Ari Fleischer, the White House Press Secretary under President Bush, said: “I'm sorry, I think Donald Trump is making a fool of himself. When you look at what he did, it is not presidential….you do not go around saying that our current president, who I don't agree with, is kissing people's a**. It's just not the temperament people look up to in the oval office.”
Conservative columnist Charles Krauthammer on Monday night's "Special Report" said, "It's all name recognition. He is a celebrity, he is on television and a guy who talks about winners and losers. The vulgarity of him is offensive."
House Majority Leader Eric Cantor (R-Va.) and former Bush advisor Karl Rove have criticized Trump for advancing the theory of the “birthers” who believe President Obama was not born in the United States. Here what Rove told Bill O'Reilly on March 30:
The right- wing base of the Republican Party -- I'm part of that right-wing base -- is not in love with the issue of birthers. I mean, there is an element inside the Republican Party and outside the Republican Party that's fallen in love with this. But the vast majority of Republicans and the vast majority of Americans accept that he's a U.S. citizen and capable of being president. And this is a distraction… This is a mistake. It will marginalize him. And he's falling for Barack Obama's trap. Barack Obama wants Republicans to fall into this trap, because he knows it discredits us with the vast majority of American people when they do.
While other potential candidates have given weak non-answers to the birther question, saying they “take the President at his word,” Trump lays it all on the line. "What is he, baby Jesus?" he quipped in an interview with Bill O’Reilly. "People have birth certificates…He doesn't have one…Maybe it says he's a Muslim, I don't know" he said. "If he wasn't born in this country, it's one of the great scams of this time."
So where does that leave us?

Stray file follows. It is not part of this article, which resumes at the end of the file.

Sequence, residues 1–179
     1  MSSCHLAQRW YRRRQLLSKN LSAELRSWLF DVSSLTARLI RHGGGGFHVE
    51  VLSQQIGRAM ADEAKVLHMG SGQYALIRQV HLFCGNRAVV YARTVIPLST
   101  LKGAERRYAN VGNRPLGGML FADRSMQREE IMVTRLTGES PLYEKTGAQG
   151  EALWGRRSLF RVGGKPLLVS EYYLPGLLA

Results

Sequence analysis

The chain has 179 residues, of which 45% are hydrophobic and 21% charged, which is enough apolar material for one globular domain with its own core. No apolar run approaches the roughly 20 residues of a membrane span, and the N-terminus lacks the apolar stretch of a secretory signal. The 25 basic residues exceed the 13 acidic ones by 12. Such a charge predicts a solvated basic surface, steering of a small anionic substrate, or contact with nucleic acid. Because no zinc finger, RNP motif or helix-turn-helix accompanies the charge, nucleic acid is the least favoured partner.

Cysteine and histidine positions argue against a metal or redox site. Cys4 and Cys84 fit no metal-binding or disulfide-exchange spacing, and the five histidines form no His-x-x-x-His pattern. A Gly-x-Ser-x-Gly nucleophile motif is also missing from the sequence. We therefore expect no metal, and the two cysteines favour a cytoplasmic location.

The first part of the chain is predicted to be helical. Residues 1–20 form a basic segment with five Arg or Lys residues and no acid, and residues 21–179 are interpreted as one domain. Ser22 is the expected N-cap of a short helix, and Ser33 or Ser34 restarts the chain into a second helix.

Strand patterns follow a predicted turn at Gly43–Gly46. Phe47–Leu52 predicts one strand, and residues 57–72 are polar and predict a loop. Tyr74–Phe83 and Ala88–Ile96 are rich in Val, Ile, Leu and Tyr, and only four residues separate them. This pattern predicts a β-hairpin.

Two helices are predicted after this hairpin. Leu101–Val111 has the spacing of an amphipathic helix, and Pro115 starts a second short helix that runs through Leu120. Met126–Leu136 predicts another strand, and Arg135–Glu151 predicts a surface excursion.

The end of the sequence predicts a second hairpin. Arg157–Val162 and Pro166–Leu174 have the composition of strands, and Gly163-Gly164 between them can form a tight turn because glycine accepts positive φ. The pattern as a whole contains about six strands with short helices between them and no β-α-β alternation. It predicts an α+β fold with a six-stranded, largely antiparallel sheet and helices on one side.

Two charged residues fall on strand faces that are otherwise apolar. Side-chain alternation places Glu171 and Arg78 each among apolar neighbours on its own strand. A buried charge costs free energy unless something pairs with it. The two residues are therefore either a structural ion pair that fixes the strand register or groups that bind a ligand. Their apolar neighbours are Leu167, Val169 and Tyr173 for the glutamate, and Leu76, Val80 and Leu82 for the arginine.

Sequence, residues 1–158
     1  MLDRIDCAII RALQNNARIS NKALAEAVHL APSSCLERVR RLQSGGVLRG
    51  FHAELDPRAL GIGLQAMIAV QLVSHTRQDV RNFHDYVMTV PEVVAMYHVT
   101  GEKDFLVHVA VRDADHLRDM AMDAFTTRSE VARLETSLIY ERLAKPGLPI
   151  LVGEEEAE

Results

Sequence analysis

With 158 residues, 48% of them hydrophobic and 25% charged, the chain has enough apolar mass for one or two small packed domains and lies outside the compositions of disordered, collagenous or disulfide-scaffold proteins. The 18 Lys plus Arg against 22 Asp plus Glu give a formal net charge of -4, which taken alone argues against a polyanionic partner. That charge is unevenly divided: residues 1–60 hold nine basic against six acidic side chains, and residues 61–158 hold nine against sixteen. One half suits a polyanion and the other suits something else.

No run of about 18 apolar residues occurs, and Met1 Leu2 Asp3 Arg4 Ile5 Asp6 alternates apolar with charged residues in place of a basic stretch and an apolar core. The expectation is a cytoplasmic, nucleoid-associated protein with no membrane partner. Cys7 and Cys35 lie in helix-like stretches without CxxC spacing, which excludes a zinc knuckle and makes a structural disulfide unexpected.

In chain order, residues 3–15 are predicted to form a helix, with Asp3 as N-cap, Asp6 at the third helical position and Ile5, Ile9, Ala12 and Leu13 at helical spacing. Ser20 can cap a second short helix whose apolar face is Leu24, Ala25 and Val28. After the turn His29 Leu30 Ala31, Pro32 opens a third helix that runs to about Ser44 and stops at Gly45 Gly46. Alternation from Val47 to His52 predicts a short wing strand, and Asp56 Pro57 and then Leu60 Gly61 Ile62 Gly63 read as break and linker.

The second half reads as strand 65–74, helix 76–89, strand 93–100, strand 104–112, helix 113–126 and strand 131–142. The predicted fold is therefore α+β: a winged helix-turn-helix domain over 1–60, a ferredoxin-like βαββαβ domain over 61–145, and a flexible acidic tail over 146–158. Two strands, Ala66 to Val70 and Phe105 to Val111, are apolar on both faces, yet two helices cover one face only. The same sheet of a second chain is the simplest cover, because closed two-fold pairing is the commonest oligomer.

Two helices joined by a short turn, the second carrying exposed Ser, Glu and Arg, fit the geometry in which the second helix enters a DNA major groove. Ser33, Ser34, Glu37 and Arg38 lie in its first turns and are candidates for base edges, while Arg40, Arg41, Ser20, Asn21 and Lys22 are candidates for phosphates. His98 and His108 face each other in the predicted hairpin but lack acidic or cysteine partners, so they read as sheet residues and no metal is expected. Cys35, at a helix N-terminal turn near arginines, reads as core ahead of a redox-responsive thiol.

In a recent poll of Republican primary voters conducted by the Wall Street Journal and NBC News, Trump tied with Mike Huckabee for second place with 17%. Only Mitt Romney, with 21%, garnered more support for the nomination. In a general election contest against the President, Romney comes closest to the incumbent, trailing by four points at 49-45, and Huckabee trails by 6 points at 50-44. This is at a time when 57 percent of Americans, according to the Post poll, disapprove of the president’s job performance, a record low for President Obama.
There is no downside to all of the media attention for Donald Trump. He has already pulled in the equivalent of millions of dollars in free advertising for his name AND the Trump brand. Whether he ultimately enters the race for the presidency or not, there's one man in the Republican field who's already laughing all the way to the bank.
Juan Williams is a writer, author and Fox News political analyst. His most recent book is "Enough: The Phony Leaders, Dead-End Movements, and Culture of Failure That Are Undermining Black America--and What We Can Do About It."
Juan Williams joined Fox News Channel (FNC) in 1997 as a contributor and is also a co-host of FNC's "The Five," where he is one of seven rotating Fox personalities. Additionally, he serves as FNC's political analyst, a regular panelist on "Fox News Sunday" and "Special Report with Bret Baier" and is a regular substitute host for "The O'Reilly Factor."